Jul 18

The danger of categorically accusing others of prejudice

Written by DJ on Friday, July 18th, 2008 at 4:04 pm
Filed under:-mini-posts, media, News | Tags:, , , ,
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Tom Miller of the South China Morning Post has generated somewhat doubtful outrages with an article alleging Beijing ordered bars not to serve blacks. For now, however, Beijing Boyce seems to have seriously deflated the credibility of Tom Miller’s work. (H/T Danwei)

For this post, I just want to point out an interesting quote Tom Miller managed to extract from an unnamed black British national:

Chinese people are prejudiced, but I would have hoped that the government would set a better example as it debuts on the world stage.

Gee, Tom, didn’t you notice the irony of this sentence before pushing the “report” out?

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66 Responses to “The danger of categorically accusing others of prejudice”

  1. Buxi Says:

    Glad you jumped on this DJ. I was shocked to hear the claim, especially from a reputable paper like the South China Morning Post. Maybe I should say… formerly reputable paper like the SCMP…

  2. Netizen Says:

    I’m waiting to see how this story evolves. But in the following couple of paragraphs:

    “I am appalled,” said a black British national who works in Beijing. “I understand that the government is trying to stop certain illegal activities, but I don’t think blanket discrimination is going about it the right way.

    “Chinese people are prejudiced, but I would have hoped that the government would set a better example as it debuts on the world stage.”

    It doesn’t seem that this quoted person was denied entry to any bar. Also, he didn’t indicate any of his friends having been denied entry. So this single black and anynomous “source” doesn’t have direct or indirect evidence to support the claim by the SCMP. We see.

  3. bianxiangbianqiao Says:

    Chinese Prejudice toward Africans is undeniable. However, one context needs to be considered. The expressed prejudice among the Chinese that can be directly observed from outside is pretty much what they have. There is little hidden stuff beneath the surface. What you see is what you get. This is because China lacks a collective guilt toward Africans in particular and outsiders in general arising from a Western history of colonialism, legalized segregation and discrimination. There is a “we owe nobody a damn thing” mentality among the Chinese. Therefore the Chinese have almost no checks against their blatant expression of prejudices both in private life and at the institutional level. Western societies have evolved elaborate rituals and customs to suppress the expression of racial and religious prejudice. Therefore the amount of racism you can directly observe in the West is less than the tip of the iceberg; tons of stuff hides under the water.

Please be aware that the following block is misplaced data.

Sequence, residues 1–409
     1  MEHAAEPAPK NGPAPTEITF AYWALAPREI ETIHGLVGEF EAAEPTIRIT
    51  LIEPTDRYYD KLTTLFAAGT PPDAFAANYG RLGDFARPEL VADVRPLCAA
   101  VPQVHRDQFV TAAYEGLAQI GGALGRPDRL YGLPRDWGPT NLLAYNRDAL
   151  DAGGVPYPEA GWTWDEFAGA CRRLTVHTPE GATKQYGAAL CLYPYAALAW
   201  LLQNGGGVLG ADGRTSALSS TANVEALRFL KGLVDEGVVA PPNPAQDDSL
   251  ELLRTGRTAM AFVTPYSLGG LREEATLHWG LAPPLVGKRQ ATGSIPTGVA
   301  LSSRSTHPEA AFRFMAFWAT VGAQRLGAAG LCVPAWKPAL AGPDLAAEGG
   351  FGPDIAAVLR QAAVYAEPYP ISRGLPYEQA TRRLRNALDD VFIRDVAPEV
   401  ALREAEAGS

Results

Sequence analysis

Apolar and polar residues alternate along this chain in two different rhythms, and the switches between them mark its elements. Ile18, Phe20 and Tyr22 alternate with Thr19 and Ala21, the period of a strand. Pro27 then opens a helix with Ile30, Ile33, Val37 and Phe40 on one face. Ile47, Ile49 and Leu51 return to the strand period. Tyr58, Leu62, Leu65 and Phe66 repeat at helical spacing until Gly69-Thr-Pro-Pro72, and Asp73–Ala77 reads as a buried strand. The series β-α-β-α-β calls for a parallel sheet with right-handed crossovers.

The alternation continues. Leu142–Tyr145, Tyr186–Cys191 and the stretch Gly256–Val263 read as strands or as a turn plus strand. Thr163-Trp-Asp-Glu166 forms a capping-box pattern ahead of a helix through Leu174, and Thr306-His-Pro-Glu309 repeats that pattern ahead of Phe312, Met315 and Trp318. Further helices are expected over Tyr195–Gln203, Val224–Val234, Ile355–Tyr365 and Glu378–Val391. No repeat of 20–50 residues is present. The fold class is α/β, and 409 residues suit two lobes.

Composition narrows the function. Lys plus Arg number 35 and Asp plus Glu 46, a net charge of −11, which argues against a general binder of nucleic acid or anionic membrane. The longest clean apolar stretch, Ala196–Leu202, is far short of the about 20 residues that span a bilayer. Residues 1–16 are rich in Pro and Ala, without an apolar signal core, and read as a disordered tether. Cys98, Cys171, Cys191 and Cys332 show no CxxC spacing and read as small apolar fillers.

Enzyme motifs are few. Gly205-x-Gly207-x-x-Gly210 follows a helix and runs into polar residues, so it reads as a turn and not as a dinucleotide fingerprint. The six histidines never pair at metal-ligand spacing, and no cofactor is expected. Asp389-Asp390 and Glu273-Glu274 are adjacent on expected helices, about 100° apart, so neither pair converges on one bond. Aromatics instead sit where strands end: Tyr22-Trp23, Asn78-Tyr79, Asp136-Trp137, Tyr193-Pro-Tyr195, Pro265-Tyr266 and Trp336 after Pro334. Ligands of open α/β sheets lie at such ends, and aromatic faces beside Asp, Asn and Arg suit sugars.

4. Netizen Says:

    @Admin, it seems suddenly, there are more posts and miniposts. The topics pass through the start page too quickly and comments are fewer per post. For example, in last couple of days, there are four or fives posts and miniposts a day.

  5. Buxi Says:


    I think that’s good feedback. Could a blog be a victim of its own success…?

    There are a lot of interesting topics out there, but perhaps by discussing too many of them at once we’re actually hurting deep discussion/consideration. Any other thoughts out there?

    I know admin has been thinking about adding a separate “letters” tab where user submissions can go. Maybe all light-hearted miniposts should be moved into that area, too?

  6. Opersai Says:


    That does seem to pose a little problem. I”ve been haven’t trouble keeping up with all posts. @_@

  7. Buxi Says: